You're bound to be excited about bringing your new dog home, but is your house ready for a four-legged resident? Buying nutritious food, providing stimulating toys and reading up on the health needs of your pet are all essential elements of responsible pet ownership. However, you also need to consider the suitability of your new buddy's living environment. Here are three ways to prepare your home:
Install A Pet Door
Are you going to be out at work during the day or have times when you're busy looking after your kids? A pet door will enable your dog to be more independent and take exercise in your enclosed garden whenever they feel like it. It will also prevent them from having to cross their legs until you get home.
Pet doors can be installed in any door, including glass and hardwood, and there are models that will ensure the door is not a security risk or an open invitation for other animals to enjoy the warmth of your home. Models with electric door locks can be locked with a key and you can fit your dog with a collar that contains a small microchip. The microchip unlocks the pet door when your dog approaches it, and the door locks when your pet moves away from it.
Consider Your Flooring
Even if your new dog is not a puppy, it's likely they'll have a few accidents during their settling in period. Remove expensive rugs until you're sure your dog is fully toilet trained, and stock up on enzymatic carpet cleaners, which are pet-safe and good at dispersing odours.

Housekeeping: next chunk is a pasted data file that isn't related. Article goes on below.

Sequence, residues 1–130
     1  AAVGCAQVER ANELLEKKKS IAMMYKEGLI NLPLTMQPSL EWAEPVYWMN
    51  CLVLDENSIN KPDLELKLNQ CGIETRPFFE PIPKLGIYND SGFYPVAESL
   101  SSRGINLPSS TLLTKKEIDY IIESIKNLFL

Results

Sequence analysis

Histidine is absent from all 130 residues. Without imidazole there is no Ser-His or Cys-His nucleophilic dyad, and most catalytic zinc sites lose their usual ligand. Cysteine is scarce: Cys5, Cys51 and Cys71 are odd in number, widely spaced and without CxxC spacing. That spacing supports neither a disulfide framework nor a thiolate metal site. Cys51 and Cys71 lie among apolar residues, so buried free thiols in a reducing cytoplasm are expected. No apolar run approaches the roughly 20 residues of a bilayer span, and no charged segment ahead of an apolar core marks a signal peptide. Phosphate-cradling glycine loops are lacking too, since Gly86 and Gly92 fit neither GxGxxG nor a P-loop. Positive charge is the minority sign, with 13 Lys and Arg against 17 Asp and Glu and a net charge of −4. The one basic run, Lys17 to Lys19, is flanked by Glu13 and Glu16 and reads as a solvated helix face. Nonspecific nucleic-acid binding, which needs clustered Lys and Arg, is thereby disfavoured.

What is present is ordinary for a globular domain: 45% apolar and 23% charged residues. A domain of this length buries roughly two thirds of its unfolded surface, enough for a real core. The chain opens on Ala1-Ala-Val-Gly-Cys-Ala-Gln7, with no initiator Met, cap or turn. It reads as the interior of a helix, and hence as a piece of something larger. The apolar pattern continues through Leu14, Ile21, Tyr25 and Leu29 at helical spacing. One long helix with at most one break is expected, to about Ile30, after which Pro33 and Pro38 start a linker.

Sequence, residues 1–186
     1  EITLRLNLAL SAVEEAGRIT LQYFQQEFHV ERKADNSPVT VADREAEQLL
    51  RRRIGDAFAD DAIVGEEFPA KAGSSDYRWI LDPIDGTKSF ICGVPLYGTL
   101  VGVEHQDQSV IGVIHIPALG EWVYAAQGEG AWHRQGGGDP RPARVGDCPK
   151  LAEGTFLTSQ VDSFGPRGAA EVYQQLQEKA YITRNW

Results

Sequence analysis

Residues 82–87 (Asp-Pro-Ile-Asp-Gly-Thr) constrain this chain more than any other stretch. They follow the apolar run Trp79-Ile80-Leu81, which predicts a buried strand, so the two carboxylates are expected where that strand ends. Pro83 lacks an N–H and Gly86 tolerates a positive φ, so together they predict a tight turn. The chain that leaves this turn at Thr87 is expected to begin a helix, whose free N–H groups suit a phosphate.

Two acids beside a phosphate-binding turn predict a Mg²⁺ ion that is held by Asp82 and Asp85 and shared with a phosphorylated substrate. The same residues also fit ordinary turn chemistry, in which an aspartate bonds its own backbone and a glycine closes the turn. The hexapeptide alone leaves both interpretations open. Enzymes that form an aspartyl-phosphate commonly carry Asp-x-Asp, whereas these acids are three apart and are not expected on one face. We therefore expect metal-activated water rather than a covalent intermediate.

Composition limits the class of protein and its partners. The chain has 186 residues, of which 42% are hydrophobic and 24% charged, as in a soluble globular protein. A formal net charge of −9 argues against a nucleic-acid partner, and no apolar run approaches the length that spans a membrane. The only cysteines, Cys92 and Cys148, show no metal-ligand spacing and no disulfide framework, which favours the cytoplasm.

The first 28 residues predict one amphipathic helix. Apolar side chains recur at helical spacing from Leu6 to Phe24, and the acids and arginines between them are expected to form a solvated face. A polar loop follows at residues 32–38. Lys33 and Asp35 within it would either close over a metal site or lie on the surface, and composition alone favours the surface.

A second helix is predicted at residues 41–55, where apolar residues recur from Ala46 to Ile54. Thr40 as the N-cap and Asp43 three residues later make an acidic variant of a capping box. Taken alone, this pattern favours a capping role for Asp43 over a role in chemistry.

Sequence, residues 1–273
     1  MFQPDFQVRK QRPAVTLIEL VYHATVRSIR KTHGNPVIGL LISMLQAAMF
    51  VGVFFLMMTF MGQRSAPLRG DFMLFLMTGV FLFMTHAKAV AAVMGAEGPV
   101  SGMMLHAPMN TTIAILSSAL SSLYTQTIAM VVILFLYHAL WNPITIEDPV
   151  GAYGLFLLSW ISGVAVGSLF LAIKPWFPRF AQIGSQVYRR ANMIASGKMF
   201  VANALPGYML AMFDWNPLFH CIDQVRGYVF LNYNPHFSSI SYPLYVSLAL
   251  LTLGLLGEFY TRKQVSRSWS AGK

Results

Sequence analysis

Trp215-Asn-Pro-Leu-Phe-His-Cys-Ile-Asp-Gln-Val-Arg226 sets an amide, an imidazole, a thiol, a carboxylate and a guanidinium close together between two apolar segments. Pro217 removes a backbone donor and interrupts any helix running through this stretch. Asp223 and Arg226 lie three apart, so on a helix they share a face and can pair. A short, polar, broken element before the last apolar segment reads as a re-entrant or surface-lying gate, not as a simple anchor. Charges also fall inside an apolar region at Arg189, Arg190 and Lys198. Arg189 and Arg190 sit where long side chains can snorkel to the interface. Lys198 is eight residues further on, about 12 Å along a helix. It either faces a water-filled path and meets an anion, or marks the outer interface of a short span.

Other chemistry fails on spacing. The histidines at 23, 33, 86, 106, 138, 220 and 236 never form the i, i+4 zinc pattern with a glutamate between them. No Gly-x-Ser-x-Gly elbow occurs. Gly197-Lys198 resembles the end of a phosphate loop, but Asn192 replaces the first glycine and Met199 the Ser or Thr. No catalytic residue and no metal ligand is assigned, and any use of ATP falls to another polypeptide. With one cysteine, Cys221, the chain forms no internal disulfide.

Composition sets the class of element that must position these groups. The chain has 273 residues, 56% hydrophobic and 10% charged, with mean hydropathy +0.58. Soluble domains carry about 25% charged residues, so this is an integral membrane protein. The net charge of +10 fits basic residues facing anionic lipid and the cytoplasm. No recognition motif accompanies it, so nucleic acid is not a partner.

If you have laminate flooring, your dog may slip on it when they run around because they can't gain traction on such smooth surfaces. This can cause them to collide with furniture or put too much stress on their hip joints as they try to stop themselves sliding around. Consider covering the main areas of flooring in your home with basic rugs that will afford your pooch some grip. Alternatively, you can try non-slip dog socks, but not all dogs will be happy to keep these on.
In addition to keeping medications and cleaning products out of reach, ensure your dog doesn't have access to these common household items:
Some household plants are toxic to dogs. Rhododendrons can cause vomiting and diarrhoea, while bulbs, including daffodils and tulips, can cause seizures and heart problems.
Don't be swayed by the cute begging; your dog doesn't need to sample your lunch. In fact, many of the foods you enjoy are dangerous for dogs. Chocolate and coffee contain methylxanthines, which can cause vomiting and even death in dogs. Avocados are a good source of fibre and B vitamins for you, but they contain persin - a chemical compound that causes vomiting and diarrhoea in dogs. Grapes and raisins can cause kidney failure, and macadamia nuts can cause muscle weakness.
The ethylene glycol used in antifreeze has a sweet taste that attracts dogs, but even a small amount can be fatal. Opt for pet-safe antifreeze that uses propylene glycol as its active ingredient.
The Pet Poison Helpline has a full list of dangerous substances, and your local vet can also give you advice on keeping your dog safe.